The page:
The Office of Student Life will prioritize funding domestic student travel that it determines aligns with the “College’s mission” when it allocates $50,000 in grants to traveling students and student groups this academic year, according to the grant application that opened this week.
The grants, offered through the Dean of Harvard College Student Life Fund, are part of a pilot program to increase funding for domestic student travel by $30,000. Last year, administrators offered traveling student groups $20,000 through the Fund, but Dean of the College Rakesh Khurana increased that sum this semester in response to the recommendations of a working group on student group transportation safety.
College administrators created the working group last spring after an undergraduate, Angela R. Mathew, died in a car crash while returning to campus from a mock trial competition in February. After consulting with Khurana last month, the students and administrators in the working group determined the criteria for allocating the additional funds.
According to a description of the Student Life Fund posted on the OSL’s website, administrators will prioritize proposed group travel activities that are “aligned with the College’s Mission to support experiences that foster intellectual, social, and personal transformation,” a reference to language Khurana has used to describe his vision for the College. It does not, however, detail what such travel might look like.
The application asks students to explain how their travel plans align with the missions of the College and their student group. Acknowledging that this is an “open question,” Associate Dean of Student Life David R. Friedrich said he is “interested to hear what students say” in response.
According to the posted description, the College also plans to prioritize funding student groups that “support efforts to utilize safer travel options”—namely, public or charter transportation. It will also put travel plans that fall “within the current scope of an organization’s travel activities” first. Friedrich said the working group put that stipulation in place to make sure that the funding increase is used to encourage student groups to travel more safely, rather than to travel more.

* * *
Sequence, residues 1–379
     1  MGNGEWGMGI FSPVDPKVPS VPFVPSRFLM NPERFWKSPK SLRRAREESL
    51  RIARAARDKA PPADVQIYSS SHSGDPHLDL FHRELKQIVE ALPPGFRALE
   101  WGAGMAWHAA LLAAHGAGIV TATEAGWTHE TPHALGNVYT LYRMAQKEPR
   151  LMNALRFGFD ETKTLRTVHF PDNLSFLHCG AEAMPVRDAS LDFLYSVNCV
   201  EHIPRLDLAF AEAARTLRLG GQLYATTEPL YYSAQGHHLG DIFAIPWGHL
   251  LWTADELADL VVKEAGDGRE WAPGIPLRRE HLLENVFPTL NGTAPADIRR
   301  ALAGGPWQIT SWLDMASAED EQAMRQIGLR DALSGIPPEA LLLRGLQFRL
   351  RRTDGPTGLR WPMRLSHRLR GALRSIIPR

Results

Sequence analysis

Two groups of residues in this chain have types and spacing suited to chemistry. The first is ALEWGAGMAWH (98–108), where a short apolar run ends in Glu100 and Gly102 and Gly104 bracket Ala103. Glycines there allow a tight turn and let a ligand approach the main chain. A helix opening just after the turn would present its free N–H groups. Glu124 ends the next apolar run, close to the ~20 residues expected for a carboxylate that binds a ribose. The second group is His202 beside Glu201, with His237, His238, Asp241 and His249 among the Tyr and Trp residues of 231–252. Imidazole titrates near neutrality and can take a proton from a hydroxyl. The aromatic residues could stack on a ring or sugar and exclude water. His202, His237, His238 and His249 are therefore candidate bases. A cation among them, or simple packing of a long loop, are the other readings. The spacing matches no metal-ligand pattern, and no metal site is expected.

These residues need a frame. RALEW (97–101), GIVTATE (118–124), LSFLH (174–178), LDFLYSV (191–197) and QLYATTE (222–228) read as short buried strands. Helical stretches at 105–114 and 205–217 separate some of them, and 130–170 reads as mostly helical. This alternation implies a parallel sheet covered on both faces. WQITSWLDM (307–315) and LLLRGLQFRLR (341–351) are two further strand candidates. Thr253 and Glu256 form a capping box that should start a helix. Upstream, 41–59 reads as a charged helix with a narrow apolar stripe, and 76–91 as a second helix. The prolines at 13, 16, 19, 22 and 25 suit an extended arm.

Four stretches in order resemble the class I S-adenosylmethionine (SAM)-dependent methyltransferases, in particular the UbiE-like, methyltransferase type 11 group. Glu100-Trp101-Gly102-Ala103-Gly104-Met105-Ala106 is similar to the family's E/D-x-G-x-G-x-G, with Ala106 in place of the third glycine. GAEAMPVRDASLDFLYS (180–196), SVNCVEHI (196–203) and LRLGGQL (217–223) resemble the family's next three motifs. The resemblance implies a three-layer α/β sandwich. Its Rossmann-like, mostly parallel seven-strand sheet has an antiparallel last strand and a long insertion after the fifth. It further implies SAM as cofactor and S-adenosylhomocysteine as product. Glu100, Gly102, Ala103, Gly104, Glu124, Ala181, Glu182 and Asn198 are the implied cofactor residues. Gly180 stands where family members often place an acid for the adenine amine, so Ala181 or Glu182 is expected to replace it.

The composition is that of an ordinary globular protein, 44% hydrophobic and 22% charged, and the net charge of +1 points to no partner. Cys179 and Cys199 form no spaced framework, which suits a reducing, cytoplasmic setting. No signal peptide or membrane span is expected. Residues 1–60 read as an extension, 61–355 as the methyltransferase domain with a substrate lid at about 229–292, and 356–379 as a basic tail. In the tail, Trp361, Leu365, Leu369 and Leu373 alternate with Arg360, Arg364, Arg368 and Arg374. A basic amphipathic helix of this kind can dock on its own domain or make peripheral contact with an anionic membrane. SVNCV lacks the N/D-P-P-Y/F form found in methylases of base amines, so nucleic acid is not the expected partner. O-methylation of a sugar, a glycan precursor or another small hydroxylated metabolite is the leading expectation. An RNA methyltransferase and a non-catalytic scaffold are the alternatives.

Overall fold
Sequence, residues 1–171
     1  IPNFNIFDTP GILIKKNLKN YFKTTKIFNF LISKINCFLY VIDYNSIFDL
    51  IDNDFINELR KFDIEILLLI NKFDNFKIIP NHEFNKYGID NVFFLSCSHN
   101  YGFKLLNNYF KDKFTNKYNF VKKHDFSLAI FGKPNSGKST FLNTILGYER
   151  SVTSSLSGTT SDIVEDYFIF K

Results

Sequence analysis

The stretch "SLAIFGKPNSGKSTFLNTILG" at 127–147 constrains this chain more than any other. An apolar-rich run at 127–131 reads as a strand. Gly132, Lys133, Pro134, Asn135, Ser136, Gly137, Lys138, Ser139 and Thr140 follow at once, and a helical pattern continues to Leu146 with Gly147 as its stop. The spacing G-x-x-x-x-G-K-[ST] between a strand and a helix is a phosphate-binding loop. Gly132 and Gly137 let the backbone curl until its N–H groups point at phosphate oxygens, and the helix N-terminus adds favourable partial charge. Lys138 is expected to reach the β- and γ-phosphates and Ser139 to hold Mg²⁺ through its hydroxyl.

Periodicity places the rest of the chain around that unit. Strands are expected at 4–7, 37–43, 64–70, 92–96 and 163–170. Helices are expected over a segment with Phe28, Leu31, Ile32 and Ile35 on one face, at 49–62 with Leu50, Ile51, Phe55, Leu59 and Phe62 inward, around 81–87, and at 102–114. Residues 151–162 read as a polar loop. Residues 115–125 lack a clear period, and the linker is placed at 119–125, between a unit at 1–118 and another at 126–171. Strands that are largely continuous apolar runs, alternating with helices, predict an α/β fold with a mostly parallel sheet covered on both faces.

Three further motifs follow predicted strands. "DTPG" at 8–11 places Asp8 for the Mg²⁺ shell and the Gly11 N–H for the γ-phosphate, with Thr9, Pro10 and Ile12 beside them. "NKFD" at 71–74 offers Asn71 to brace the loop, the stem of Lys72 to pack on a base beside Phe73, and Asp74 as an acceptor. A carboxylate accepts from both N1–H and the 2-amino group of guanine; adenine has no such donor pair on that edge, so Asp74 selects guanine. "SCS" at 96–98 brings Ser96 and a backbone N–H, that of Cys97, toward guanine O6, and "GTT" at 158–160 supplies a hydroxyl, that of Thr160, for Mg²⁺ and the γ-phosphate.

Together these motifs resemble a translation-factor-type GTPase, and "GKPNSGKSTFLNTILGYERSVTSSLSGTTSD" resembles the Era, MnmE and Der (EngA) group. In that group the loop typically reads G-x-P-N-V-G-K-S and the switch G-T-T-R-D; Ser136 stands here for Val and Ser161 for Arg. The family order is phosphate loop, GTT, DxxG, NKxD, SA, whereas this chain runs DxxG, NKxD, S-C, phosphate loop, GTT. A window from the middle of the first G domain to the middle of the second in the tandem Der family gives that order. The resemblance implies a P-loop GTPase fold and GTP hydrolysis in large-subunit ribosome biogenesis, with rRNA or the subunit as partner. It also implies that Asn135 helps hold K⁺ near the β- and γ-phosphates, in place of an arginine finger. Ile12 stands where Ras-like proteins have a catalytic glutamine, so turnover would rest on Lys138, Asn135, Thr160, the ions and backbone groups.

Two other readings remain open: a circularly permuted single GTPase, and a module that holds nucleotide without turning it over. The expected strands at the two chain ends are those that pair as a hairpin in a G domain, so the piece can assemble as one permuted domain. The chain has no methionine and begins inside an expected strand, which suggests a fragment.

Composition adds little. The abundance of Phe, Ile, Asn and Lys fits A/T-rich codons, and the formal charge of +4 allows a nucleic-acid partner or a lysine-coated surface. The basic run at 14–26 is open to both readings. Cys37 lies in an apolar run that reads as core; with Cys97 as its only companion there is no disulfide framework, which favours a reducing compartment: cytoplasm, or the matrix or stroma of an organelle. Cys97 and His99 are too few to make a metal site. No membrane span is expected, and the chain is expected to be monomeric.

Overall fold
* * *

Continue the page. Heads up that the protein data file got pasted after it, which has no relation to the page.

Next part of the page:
"The intent of this money is not to finance more student travel; it's to finance safer alternatives for travel that's already being done," said Brett M. Biebelberg ’16, a member of the working group and an Undergraduate Council representative for Quincy House.
A group of administrators and students, including members of the working group, will review applications. Chosen student organizations must register their travel plans with administrators to receive funding, and members of groups that rent a vehicle to drive must take a driver safety course online.
This semester’s application will remain open until Oct. 26. In addition to other student groups, individual students traveling to academic conferences to present research and club sports teams are eligible to apply.
—Staff writer Steven S. Lee contributed to the reporting of this story.
—Staff writer Madeline R. Conway can be reached at email@example.com. Follow her on Twitter @MadelineRConway.
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